Reflections in a Broken Mirror: Deconstruction and Reformation of Identity (Dr. Susan Ridley)

This arts-based research project was an exploration into identity, “Who am I?” and used the mirror as a tool for self-reflection. Through the creative process of deconstructing (breaking the mirror and removing the shards), and reconstructing (putting the shards back together again), the mirror became a tangible reflection of an existential crisis. Using color, words, images and/or symbols to bind the shards together, insights may be revealed into the re-formation of self-identity; of being whole but with the cracks creating a tension of strength and vulnerability.

The purpose behind this arts-based research was to experience the process of self-reflection experienced by those participating in my dissertation research study. The broken mirror was chosen as a reflective examination into my own identity reformation from a childhood experience of violence and abuse. Palmer (1998), believed “identity and integrity have as much to do with our shadows and limits, our wounds and fears, as with our strengths and potentials” (p. 13). This reflective research was an authentic attempt to seek closure from any unresolved issues, and to move forward on this journey called life from a position of strength and transformation. Reflective self-knowledge provided a foundation from “which experience and sense of self are integrated or constructed and gives continuity, coherence, and meaning to life” (Levine, 2002, p. 305). Which La Torre (2005) believed was the first step to self-awareness.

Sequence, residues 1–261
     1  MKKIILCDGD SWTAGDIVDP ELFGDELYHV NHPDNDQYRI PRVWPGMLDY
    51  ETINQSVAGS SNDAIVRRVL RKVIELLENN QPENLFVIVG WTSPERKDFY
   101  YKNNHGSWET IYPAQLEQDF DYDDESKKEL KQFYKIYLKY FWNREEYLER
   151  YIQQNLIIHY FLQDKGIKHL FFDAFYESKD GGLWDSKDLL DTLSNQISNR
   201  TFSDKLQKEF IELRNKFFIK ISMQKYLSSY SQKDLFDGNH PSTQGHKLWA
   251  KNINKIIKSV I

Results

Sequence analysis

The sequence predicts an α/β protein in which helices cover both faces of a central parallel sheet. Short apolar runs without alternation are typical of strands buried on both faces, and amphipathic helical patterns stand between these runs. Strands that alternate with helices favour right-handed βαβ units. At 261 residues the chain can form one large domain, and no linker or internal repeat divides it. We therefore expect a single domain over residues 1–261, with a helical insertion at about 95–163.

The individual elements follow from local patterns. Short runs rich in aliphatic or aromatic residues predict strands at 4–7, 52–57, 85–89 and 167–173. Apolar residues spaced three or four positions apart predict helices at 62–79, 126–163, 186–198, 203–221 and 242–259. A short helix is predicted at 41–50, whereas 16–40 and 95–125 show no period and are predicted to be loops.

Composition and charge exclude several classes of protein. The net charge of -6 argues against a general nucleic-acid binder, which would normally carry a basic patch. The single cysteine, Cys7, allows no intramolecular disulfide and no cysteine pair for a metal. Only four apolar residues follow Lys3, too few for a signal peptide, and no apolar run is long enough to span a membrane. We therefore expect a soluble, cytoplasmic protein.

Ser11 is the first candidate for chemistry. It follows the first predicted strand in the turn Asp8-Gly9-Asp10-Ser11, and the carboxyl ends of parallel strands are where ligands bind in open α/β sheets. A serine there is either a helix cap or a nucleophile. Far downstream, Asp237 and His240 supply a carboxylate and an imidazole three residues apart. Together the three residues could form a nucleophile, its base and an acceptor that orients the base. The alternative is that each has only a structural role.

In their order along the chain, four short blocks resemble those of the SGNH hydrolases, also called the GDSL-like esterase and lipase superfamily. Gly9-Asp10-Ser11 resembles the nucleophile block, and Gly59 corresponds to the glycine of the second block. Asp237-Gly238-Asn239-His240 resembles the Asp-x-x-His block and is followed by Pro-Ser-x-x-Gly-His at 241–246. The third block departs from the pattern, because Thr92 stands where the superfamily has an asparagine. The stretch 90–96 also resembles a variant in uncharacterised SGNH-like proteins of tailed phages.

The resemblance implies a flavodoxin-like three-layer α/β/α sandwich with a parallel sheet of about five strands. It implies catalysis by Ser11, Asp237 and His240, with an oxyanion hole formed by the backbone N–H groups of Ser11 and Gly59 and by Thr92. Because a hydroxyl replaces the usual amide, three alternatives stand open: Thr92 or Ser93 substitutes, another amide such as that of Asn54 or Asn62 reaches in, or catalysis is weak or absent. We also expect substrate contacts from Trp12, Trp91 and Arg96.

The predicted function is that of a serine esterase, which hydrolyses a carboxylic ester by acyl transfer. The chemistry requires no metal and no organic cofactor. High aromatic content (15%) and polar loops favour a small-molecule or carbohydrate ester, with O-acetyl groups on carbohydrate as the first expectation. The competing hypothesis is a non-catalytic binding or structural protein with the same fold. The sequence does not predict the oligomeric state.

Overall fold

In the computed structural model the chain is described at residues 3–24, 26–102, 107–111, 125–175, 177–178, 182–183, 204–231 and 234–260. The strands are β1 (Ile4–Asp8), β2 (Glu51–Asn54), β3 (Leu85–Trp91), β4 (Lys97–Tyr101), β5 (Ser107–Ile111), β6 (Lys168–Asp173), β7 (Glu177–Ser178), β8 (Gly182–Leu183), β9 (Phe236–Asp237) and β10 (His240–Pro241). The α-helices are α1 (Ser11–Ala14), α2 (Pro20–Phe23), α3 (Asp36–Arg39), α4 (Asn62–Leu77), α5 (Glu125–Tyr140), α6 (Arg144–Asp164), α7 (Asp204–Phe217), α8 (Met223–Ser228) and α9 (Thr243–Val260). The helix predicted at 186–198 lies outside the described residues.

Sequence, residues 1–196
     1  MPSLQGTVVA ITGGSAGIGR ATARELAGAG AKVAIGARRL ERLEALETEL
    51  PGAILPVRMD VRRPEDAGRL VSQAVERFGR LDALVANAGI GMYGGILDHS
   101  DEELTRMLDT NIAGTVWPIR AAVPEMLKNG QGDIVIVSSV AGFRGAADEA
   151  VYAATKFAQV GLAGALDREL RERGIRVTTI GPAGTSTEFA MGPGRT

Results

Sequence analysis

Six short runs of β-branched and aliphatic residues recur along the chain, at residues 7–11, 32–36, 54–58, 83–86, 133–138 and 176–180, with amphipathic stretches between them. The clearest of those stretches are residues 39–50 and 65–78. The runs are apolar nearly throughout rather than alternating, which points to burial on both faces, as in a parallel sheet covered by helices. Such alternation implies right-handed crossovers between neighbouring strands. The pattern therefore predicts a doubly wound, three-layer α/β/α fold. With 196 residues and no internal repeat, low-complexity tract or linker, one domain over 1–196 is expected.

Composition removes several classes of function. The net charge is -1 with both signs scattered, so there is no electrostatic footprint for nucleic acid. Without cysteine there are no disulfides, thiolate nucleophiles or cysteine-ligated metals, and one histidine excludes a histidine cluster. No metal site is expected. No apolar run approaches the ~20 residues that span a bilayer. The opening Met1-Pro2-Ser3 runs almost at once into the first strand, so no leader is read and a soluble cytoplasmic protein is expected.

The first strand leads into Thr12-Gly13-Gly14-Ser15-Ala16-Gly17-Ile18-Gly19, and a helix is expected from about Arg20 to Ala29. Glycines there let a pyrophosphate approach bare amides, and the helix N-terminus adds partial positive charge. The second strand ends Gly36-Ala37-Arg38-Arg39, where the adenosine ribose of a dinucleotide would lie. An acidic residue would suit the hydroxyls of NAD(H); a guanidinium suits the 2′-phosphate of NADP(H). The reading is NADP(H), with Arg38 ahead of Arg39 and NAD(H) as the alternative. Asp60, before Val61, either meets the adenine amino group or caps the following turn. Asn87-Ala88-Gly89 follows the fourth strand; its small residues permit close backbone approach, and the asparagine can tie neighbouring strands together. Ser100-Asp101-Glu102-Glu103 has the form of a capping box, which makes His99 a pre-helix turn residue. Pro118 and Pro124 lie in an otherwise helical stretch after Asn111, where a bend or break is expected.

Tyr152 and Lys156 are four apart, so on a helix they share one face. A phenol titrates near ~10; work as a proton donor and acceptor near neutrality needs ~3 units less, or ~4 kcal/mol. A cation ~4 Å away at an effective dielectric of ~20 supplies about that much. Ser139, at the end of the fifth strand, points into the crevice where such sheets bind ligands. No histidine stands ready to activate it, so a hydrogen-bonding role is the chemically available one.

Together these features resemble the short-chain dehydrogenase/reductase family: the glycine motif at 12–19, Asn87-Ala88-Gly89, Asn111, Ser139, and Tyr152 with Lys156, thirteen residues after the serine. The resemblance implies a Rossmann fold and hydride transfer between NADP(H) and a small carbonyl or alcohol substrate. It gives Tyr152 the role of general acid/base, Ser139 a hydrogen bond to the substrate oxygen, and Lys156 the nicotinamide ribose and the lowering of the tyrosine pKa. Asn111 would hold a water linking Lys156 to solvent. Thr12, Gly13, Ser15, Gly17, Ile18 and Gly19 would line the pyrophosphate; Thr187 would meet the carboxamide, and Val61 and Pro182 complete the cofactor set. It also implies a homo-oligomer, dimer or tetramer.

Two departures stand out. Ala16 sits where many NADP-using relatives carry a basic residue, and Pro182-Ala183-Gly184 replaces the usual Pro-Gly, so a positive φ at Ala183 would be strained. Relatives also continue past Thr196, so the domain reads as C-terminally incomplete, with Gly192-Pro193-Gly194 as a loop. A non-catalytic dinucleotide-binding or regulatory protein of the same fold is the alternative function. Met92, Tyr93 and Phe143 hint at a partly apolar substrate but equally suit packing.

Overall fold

There was some trepidation in embarking on this reflective voyage, but I found that holding the space and contemplating the arts-based research helped me to clarify my intent, prepared me for the process of involvement, and helped me to integrate the experience. The underlying narratives of self-perception enabled the exploration of Schön’s (1983) reflection-in-action and reflection-on-action which was “particularly relevant to both the thinking and doing aspects of the creative process in art” (Bar-On, 2007, p. 226). Narrative research was particularly useful in this type of qualitative inquiry because it was designed to investigate how people make sense out of the realities that are lived and perceived, and help to create meaning out of life experiences (Bell, 2003; Connelly and Clandinin, 1990; Riessman, 1993, 2007). By creating a narrative identity, the participant was placed “meaningfully in their culture, providing unity to their past, present, and anticipated future” (Singer, 2004, p. 445), and gaining insight into “our own nature, values, and goals” (p. 442).

The blow unseen shatters the figment of illusion,

Revealing the shards of a life,

Once happy, sometimes sad, but no longer,

It is now lost between the cracks of emptiness.

The world revolves

But time stands still in silence.




Trapped in the blackness of despair,

And smothered in endless nothingness.

Words can not describe the desperate terror

And the pain of a soul ripped,

Torn beyond recognition.